The outgoing headmaster of Eton College has described teacher training as “a mess” and said it should be easier for unqualified teachers to get into the classroom.
Tony Little, who is preparing to leave the boarding school this summer, called for a national system that would open up teaching to people “without professional qualifications but with good subject knowledge”.
Those who wanted to become “career teachers” would have to work towards a “charter mark” that would have to be refreshed, he said, adding that his own school recruited unqualified teachers because it could “train them better” than others would.
“In the future I would like a new national framework which would open up teaching initially to people without professional qualifications but with good subject knowledge,” he said.
In an interview that will be published next month in Insight, the magazine of the Headmasters’ and Headmistresses’ Conference, Mr Little also called for it to become compulsory for teachers to carry out research.
“We need to make the leap from a pretty hit-and-miss affair, to a structure of professional competency in which research is obligatory and becomes a state of mind, allowing teachers to develop their own practice on the basis of evidence,” he said.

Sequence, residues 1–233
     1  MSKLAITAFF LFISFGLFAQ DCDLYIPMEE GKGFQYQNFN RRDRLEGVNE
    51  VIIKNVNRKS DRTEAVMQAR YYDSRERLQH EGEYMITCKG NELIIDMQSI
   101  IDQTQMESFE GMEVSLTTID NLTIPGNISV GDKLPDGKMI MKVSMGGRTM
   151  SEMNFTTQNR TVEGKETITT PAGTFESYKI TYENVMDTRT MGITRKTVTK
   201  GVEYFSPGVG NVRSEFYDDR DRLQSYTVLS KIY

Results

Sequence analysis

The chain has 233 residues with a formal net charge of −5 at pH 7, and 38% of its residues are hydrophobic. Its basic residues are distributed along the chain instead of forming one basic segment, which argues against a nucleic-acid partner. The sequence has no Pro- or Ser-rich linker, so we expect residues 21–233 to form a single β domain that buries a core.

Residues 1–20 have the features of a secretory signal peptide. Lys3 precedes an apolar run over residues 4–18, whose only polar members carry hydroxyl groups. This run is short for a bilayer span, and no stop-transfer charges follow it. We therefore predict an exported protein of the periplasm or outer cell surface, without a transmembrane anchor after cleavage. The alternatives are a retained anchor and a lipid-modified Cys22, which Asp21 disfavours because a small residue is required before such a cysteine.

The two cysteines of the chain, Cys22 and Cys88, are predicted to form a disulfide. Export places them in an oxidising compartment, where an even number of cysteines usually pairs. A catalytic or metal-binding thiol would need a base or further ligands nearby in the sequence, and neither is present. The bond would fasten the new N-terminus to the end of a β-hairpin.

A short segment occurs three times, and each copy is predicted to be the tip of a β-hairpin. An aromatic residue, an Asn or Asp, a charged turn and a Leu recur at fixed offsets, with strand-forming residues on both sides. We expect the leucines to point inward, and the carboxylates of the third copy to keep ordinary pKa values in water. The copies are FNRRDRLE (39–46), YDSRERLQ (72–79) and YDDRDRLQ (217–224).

Mr Little added that successive governments had “spent a lot of money on structures and systems” but that money would have been “better spent on teacher training”.
“It doesn’t really matter what type of schools we have if we do not have really good teachers,” he said.
In the interview Mr Little also expressed frustration with the exam system, which he said had created a “silo mentality” at his school and at others.
“Each subject is very well taught in itself, but I am exasperated by an exam system that makes it difficult for teachers to make links and pupils to see things in different ways,” he said.
“The exam system is like an egg timer. There is a wealth of experience and learning at the top, then it is all squeezed through the narrow bottleneck of exams and pushed out of the other side.”
He added that he was “not against exams or rigour” but wanted to see changes to “the way exams are designed”.
Eton College has set up a Centre for Innovation and Research in Learning that aims to “promote a wide range of ways to think about how we learn,” Mr Little said.
Mr Little said changes to the way in which young people accessed knowledge using technology meant that schools risked appearing “irrelevant” to teenagers. Schools needed “a new way of teaching young people the precision of thought needed to interact with new robotics and artificial intelligence,” he added.
He said he felt ready to leave the school, which he has led since 2002, but that he would miss “listening to wonderful music in chapel” and being part of the school’s “strong sense of community”.